Treaty Trader (E-1) and Treaty Investor (E-2) visas are for citizens of countries with which the United States maintains treaties of commerce and navigation. For a list of participating countries, select Treaty Countries.
To qualify for an E Visa, you must be coming to the United States to:
- Engage in substantial trade, including trade in services or technology, in qualifying activities, principally between the United States and the treaty country; or
- Develop and direct the operations of an enterprise in which you have invested a substantial amount of capital.
For an E-1 visa, business must be principally between the United States and the treaty country.
For an E-2 Visa, visa applicants must develop and direct the operations of an enterprise in which the applicant has invested; or is in the process of investing a substantial amount of capital. There is no set amount of capital required; the investment amount is variable dependent on the business project.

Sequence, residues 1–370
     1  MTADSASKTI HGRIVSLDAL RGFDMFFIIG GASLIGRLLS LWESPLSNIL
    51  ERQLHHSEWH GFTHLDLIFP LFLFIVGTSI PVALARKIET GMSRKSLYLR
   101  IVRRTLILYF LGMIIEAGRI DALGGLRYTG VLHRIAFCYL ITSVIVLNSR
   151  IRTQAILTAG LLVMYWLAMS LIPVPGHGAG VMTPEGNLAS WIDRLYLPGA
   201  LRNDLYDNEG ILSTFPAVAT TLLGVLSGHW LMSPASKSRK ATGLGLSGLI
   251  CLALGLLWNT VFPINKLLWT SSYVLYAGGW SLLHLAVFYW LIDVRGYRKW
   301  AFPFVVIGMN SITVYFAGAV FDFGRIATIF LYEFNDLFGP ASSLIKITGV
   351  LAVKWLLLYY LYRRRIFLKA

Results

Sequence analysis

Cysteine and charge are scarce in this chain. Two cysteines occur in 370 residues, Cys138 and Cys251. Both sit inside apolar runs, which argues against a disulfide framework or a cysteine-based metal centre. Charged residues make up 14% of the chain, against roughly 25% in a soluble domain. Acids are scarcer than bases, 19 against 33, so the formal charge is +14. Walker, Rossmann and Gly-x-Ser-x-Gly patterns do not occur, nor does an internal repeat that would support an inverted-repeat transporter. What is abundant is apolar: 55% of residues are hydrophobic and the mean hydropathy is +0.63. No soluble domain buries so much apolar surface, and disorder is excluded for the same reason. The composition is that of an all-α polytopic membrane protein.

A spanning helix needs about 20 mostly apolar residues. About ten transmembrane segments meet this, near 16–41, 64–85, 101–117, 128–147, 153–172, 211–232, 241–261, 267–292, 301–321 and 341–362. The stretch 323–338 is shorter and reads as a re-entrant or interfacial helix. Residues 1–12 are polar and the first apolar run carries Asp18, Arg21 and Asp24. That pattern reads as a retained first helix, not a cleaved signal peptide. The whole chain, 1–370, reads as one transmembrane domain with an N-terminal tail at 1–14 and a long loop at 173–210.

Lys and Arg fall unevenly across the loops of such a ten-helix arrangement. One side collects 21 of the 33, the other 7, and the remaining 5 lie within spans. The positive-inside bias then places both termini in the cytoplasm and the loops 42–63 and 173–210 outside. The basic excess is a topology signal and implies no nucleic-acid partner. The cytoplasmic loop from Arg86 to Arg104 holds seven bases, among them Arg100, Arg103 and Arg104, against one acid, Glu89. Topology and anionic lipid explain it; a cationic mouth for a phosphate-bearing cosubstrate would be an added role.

E1 Visas for Business
An E1 visa requires businesses to show that there is a historical track record of transactions of company trade between the US and Australia. The E1 visa also requires that 50% of the company’s trade volume is with the US.
Unlike the E2 visa, the E1 Visa does not require an investment to obtain visa approval.
E-1 Treaty Trader Visa Example
An Australian based jewelry design and manufacturing company has been trading its merchandise to the United States for the last several years. Over 50% of their international trade takes place exclusively between the United States and Australia.
Over the last year their trade has grown significantly; and now they wish to move sales staff permanently to the United States to help increase their trade. The Australian jewelry business may benefit from an E-1 treaty trader visa.
E1 Visa Tips – Professional Services